Bayuda volcanic field

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Bayuda volcanic field (also spelled Bayiuda[1]) is a volcanic field in Sudan, within the Bayuda Desert. It covers a surface of about 11 by 48 kilometres (6.8 mi × 29.8 mi) and consists of a number of cinder cones as well as some maars and explosion craters. These vents have erupted aa lava flows.

Bayuda volcanic field
Bayuda Vulkanfeld.jpg
The volcanic field from space
Highest point
Elevation670 m (2,200 ft) [1]
Coordinates18°20′N 32°45′E / 18.33°N 32.75°E / 18.33; 32.75Coordinates: 18°20′N 32°45′E / 18.33°N 32.75°E / 18.33; 32.75[1]
Geography
Bayuda volcanic field is located in Sudan
Bayuda volcanic field
Bayuda volcanic field
Geology
Last eruption1,102 +- 48 years ago

The field rises above a Precambrian-Paleozoic basement that may be a domal uplift. There is little known about the occurrence of volcanic eruptions, but the last eruption has been dated to 1,102 ± 48 years before present.

Geography and geomorphologyEdit

The volcanic field is located in the Bayuda Desert within the great bend of the Nile,[1] 300 kilometres (190 mi) north of Khartoum.[2] It lies 80 kilometres (50 mi) away from Merowe; there are wells at Abu Khorit and Sani[3] north of the volcanic field.[4] The field was discovered by aerial photography in 1920.[3]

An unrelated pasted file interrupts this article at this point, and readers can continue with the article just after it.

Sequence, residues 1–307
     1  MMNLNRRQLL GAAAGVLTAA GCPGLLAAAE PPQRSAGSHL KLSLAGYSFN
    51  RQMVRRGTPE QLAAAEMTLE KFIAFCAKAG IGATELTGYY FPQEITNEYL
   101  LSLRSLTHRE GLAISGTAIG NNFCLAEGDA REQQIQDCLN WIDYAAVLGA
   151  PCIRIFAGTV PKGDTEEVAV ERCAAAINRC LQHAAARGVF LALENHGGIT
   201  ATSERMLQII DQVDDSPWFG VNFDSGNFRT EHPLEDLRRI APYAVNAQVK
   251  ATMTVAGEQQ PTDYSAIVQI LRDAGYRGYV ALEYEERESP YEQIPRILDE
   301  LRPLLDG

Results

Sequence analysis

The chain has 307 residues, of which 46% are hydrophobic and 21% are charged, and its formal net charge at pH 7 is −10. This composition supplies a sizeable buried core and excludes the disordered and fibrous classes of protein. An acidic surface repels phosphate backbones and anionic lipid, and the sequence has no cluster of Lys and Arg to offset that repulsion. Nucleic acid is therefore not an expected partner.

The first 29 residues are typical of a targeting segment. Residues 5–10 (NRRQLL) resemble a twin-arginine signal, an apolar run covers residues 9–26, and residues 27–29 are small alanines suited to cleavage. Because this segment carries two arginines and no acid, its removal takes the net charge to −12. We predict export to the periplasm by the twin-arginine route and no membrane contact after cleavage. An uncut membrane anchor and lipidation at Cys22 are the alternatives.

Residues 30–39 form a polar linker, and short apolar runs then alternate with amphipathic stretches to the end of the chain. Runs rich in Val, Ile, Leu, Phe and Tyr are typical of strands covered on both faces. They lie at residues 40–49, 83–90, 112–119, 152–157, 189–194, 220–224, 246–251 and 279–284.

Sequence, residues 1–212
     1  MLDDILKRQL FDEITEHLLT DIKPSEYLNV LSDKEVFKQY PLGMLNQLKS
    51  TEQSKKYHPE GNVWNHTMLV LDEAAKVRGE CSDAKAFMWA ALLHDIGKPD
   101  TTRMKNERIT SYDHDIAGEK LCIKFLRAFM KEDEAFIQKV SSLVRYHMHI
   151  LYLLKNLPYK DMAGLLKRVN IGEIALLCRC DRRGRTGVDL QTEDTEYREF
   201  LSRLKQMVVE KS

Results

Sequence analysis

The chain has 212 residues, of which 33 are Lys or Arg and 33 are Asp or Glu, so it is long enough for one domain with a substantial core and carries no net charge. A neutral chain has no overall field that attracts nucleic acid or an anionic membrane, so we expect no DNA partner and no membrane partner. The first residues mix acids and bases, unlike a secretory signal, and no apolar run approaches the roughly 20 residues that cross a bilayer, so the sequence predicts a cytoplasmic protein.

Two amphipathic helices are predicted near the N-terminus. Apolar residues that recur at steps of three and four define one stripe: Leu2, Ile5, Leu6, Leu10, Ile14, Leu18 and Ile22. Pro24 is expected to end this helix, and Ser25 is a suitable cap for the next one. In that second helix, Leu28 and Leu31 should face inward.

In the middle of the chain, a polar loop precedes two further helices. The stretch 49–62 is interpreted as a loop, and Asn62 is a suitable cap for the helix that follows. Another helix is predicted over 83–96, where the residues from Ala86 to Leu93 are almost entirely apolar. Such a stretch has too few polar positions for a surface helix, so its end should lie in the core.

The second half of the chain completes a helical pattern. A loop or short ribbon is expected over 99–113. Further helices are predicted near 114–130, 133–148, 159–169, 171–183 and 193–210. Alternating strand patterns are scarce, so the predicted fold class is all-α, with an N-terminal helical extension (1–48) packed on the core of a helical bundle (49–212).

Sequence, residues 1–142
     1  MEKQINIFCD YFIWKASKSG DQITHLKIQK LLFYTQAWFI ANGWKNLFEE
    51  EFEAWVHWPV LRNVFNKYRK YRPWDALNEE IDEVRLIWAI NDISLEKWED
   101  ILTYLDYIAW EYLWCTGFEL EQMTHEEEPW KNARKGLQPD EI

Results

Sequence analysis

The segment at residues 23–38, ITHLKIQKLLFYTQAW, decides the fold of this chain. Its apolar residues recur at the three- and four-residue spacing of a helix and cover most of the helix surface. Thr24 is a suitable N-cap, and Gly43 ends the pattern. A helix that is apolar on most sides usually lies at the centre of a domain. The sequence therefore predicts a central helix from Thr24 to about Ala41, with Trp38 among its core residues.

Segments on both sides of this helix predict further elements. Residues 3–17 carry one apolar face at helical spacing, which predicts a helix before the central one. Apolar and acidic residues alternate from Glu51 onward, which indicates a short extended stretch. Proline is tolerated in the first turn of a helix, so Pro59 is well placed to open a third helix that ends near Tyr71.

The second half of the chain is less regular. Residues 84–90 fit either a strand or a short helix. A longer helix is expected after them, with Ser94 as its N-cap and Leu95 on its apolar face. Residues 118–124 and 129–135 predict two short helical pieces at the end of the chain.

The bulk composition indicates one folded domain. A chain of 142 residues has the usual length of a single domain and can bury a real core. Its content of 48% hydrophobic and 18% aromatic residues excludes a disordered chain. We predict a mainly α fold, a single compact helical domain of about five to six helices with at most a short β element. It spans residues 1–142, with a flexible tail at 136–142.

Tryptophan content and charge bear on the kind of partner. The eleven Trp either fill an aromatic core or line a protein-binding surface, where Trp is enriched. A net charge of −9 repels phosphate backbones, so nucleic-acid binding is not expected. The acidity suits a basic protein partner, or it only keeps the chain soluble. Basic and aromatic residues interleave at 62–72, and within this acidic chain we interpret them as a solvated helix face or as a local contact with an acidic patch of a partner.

Bayuda is an elongated volcanic field[1] with fresh volcanic features[3] extending over an area of 11 by 48 kilometres (6.8 mi × 29.8 mi) in northwesterly direction. Within this area, a number of volcanic vents within a narrow space have formed a continuous volcanic surface.[5] Some individual lava fields cover over 20 square kilometres (7.7 sq mi) of surface,[6] but surfaces of about 10 square kilometres (3.9 sq mi) are more typical.[7] There are usually only a few flows per vent, although they often have lobate structures. The surface of the lava flows has varying textures and often contains hills or ridges,[8] generally corresponding to aa lava.[9] Some flows reach lengths of 10 kilometres (6.2 mi).[10]

Cinder cones make up the bulk of the field,[1] of which there are about one hundred.[11] Usually the cones reach heights of over 400 metres (1,300 ft)[7] and are formed by volcanic ash, lapilli, lava bombs and scoria.[12] Many of these aside from pyroclastics also erupted lava flows[5] which then broke the crater rims.[1] Explosion craters[1] and sporadic maars are also found,[2] they are surrounded by tephra deposits which form low rims of pyroclastic material[13] and which also cover neighbouring volcanoes.[4] Individual vents form two separate alignments.[10]

Hosh ed Salam ("dark enclosure"[14]) crater is 500 metres (1,600 ft) deep and 1,300 metres (4,300 ft) wide,[1] other craters are Jebel Hebeish and El Muweilih which have formed shallow rises above the surrounding terrain and have cut into the basement rocks.[9] El Muweilih contains a salt lake after which it is named and which was used as a source of salt,[6] while Jebel El Abour contains a secondary cone. The Sergein hills and Jebel Azrub are composite volcanoes.[5] Angalafib, Goan and Jebel El Abour are also quite high.[6]

 
Lava and scoria from Bayuda